Michelle-Lael Norsworthy (Founder)
Michelle-Lael Norsworthy is an advocate for transgender men and women to identify as they choose and be treated with compassion. She made national and international news following her victory in the court case Norsworthy v. Beard, that set a precedent for the State of California being required to pay for gender reaffirming surgery for transgender inmates.
Michelle-Lael was inspired to create Joan’s House following her release from prison. She decided to name the home after Joan of Arc, who symbolizes strength and unity. Just as Joan believed God chose her for her mission, Michelle-Lael believes God is guiding her to help other marginalized trans individuals.
Michelle-Lael has always desired to help people, even while spending 30 years behind bars. Prior to her incarceration she was trained as a combat medic in the Army National Guard. While serving her sentence, she assisted fellow inmates by:
- Helping create and establish the California Department of Corrections and Rehabilitation Prison Rape Elimination Act (PREA) Peer Education Program
- Participating in and facilitating numerous self-help programs designed to improve the quality of life for the individual as well as the collective
- Being actively involved in the Paths to Recovery counseling program
- Providing educational workshops about sexual assault awareness and prevention; inmates’ rights, responsibilities and reporting options; and response protocols, standards and guidelines set forth by the Prison Rape Elimination Act
- Assisting disabled inmates with reading, writing and navigating the legal section of the library; helping them to appointments, medication distribution lines and the dining hall; and ensuring their personal body and living quarters were clean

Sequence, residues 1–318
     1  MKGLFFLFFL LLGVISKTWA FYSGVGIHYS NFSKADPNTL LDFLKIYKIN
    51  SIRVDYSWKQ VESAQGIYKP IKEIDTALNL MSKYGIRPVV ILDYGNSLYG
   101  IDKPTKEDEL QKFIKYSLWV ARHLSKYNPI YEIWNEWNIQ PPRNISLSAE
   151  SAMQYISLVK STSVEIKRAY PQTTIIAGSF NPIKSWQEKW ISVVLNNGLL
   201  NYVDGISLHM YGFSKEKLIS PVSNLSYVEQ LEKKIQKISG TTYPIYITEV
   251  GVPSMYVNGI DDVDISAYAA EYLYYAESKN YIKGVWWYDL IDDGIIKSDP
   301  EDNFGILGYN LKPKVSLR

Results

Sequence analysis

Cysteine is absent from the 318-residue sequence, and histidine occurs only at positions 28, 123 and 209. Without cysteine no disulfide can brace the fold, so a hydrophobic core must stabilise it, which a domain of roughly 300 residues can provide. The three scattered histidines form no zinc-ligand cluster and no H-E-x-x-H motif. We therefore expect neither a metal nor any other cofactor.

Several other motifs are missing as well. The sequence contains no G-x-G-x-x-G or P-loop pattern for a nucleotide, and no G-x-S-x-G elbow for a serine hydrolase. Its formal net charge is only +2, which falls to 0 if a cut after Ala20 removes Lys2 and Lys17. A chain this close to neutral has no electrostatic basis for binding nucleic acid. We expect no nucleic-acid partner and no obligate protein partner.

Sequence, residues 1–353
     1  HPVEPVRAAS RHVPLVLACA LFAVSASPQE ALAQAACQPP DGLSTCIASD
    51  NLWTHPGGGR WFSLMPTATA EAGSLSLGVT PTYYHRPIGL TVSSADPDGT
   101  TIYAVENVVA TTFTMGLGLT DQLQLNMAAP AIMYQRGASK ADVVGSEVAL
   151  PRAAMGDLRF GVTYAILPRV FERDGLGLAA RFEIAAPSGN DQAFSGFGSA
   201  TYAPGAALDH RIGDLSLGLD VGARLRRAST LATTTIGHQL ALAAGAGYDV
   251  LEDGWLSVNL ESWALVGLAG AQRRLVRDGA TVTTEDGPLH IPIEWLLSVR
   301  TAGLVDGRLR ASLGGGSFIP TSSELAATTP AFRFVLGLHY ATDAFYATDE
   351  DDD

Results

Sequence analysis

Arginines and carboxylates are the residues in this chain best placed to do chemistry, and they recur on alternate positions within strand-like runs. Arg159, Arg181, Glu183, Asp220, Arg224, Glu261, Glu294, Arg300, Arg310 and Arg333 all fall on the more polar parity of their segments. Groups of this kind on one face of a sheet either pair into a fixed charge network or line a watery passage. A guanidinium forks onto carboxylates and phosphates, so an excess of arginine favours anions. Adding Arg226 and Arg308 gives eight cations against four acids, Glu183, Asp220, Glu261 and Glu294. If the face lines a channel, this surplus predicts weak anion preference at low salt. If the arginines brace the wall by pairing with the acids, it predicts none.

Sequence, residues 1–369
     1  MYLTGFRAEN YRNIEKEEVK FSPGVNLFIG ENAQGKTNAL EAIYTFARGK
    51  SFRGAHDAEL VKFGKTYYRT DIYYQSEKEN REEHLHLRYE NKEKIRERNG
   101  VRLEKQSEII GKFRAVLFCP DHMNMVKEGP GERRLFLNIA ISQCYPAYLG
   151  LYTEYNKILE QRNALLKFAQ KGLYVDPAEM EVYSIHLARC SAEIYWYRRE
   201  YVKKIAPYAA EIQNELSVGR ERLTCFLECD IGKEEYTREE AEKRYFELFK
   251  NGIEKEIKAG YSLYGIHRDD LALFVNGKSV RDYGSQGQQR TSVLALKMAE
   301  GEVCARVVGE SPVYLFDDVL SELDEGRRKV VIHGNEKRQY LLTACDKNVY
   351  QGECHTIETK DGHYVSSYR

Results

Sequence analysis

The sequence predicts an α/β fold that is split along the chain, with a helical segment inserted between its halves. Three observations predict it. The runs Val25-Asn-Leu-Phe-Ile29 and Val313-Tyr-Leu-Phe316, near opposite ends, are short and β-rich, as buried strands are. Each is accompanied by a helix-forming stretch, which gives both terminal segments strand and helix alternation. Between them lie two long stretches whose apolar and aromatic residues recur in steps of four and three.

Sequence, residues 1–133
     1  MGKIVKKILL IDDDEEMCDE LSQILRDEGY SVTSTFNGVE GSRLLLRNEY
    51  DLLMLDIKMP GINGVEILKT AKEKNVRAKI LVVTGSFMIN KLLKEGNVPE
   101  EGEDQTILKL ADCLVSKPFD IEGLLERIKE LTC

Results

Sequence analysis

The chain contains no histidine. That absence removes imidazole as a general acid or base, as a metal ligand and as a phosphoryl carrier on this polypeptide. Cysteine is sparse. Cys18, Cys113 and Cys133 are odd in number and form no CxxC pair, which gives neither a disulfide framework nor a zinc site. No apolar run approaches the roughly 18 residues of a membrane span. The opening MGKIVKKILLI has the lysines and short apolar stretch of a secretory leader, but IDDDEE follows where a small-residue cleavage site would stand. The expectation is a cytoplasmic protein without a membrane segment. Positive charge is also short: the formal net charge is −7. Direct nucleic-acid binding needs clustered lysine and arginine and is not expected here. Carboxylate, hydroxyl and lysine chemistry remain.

Michelle-Lael continues to strive to help people in the trans community, with her current focus being Joan’s House. Read more about her in her electronic press kit.
Dr. Erica Anderson (Chairperson)
Erica E. Anderson, Ph.D. is an accomplished clinical psychologist, academic administrator, healthcare executive, professor, and consultant. During a career that spans 4 decades she has held academic appointments in health psychology, public health, clinical psychology, healthcare management and pediatrics.
At The University of California San Francisco she serves on the faculty and medical staff of UCSF Benioff in behavioral pediatrics with involvement in the Child and Adolescent Gender Clinic in Pediatric Endocrinology. There she consults with transgender and gender nonconforming children, adolescents, their families and other healthcare professionals and supports training of healthcare professional students and fellows in the rapidly advancing field of transgender healthcare.
At John F. Kennedy University Dr. Anderson serves as Professor of Clinical Psychology. At JFKU she previously served as Chair of the Doctoral Program in Clinical Psychology, Chair of Graduate Psychology, and Dean of the Graduate School. At her previous University she founded and Chaired the Department of Health Sciences and Services and served as Professor of Healthcare Management. At JFKU she teaches future psychologists and psychotherapists. Her special areas of interest include sexuality, gender issues, and trauma.
In her private consulting practice through Anderson Health Strategies, L.L.C., Dr. Anderson provides consultation to corporations on issues related to sexual and gender diversity and inclusion and success ( including gender transition) of transgender and gender nonconforming leaders. She provides clinical services to teenagers, adults, couples, and families focused upon Sexuality, Gender and Identity (read more about it at www.DrEricaAnderson.net).